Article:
The article also points to the problems that all organisations claiming to represent minorities have to resolve one way or another:
- defining the minority in question in the first place (but in relation to which majority? - consider, for instance, the difference, which the provincial government of Quebec often ignores, between the Québécois, who form the francophone majority in that province, and hundreds of thousands of francophone Canadians who live as minorities in other provinces);
- gaining recognition from the government, as well as from specific agencies involved in education, health, housing and so on (but recognition as what? - consider “Catholic” versus “Nationalist” vs “Irish-speaker” within the various institutions of Northern Ireland);
- maintaining reliable sources of funding and support, while avoiding both absorption into the state machine (in the “host” country or in the “home” country) and capture by business or other sectional interests (legal or otherwise) - assuming that it’s even possible to walk such a tightrope for long without falling off; and
- above all, maintaining plausibility as being genuinely representative of the whole minority, not just of an elite or some other specially well-placed or unusually vocal minority within the minority (who, for example, elected the people who appear regularly on television and in newspapers to tell the rest of us what, in their opinion, all or most British Muslims think?).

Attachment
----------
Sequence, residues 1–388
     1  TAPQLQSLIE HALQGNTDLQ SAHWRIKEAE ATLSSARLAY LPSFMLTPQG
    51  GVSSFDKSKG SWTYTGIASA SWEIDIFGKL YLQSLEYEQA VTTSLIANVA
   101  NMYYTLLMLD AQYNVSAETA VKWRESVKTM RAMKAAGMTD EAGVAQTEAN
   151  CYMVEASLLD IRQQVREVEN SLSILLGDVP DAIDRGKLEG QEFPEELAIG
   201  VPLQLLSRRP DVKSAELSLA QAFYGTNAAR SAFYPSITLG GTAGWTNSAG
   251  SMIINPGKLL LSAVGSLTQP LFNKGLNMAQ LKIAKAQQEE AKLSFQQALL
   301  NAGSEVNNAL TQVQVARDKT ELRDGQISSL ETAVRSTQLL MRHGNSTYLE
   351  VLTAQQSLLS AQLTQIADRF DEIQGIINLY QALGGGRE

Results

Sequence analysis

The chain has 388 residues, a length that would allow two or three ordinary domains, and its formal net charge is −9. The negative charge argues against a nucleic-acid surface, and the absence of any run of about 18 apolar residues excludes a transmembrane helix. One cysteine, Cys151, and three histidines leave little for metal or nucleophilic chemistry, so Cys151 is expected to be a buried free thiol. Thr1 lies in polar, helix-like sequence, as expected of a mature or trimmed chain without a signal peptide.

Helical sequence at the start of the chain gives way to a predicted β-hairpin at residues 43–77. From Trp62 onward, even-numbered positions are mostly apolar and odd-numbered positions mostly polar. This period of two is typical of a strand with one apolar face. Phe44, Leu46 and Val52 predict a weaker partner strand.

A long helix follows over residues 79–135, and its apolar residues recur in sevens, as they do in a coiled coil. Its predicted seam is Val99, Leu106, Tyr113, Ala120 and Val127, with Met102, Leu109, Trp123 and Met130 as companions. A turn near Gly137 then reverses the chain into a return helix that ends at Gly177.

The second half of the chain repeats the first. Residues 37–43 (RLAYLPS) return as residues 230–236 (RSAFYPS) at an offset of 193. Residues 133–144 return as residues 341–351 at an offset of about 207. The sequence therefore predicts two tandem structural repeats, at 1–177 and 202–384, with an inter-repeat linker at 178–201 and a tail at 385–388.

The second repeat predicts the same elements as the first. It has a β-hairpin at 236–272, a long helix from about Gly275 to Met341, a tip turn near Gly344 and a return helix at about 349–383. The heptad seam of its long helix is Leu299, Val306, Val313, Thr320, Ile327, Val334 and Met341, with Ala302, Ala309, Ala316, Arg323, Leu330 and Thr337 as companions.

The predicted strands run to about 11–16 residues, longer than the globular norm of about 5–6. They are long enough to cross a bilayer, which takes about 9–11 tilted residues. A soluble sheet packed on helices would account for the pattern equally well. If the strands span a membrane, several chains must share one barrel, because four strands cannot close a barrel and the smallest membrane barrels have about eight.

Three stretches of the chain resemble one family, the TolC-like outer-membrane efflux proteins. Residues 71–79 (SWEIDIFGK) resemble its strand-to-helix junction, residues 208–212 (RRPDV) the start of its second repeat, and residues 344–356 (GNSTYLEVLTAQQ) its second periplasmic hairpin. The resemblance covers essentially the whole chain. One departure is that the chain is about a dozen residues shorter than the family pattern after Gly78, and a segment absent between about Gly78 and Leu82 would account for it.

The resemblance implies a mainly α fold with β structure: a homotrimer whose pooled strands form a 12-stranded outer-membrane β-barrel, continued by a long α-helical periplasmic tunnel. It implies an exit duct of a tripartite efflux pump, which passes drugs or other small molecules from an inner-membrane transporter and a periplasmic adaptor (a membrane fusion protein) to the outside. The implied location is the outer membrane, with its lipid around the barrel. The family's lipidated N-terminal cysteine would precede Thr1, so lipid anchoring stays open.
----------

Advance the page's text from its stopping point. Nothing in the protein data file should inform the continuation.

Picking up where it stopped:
Chongryun’s rivalry with Mindan has created complications that their counterparts in other countries do not have to face, and that reflect the enduring tragedy of the division of the Korean peninsula. However, its entanglements with business interests, with the demands of the education system and, above all, with the maintenance of an identity to which its members are expected to conform are characteristic of many similar organisations around the world.
So too, sooner or later, is its present fate, as described in the article:

“Younger Koreans born in Japan speak mainly Japanese. Most would rather integrate than be the nail that stands out: up to 10,000 a year seek naturalisation. Chongryun schools face falling rolls, while its university teaches less ‘Kim Il-sung-ism’ and more computing. Japan’s long recession has hit pachinko profits and other businesses. Chongryun’s banks are in trouble, and may even be bailed out by Tokyo ... [and] while the ROK is pushing Tokyo to give Koreans the vote, the DPRK and Chongryun resist such integration.”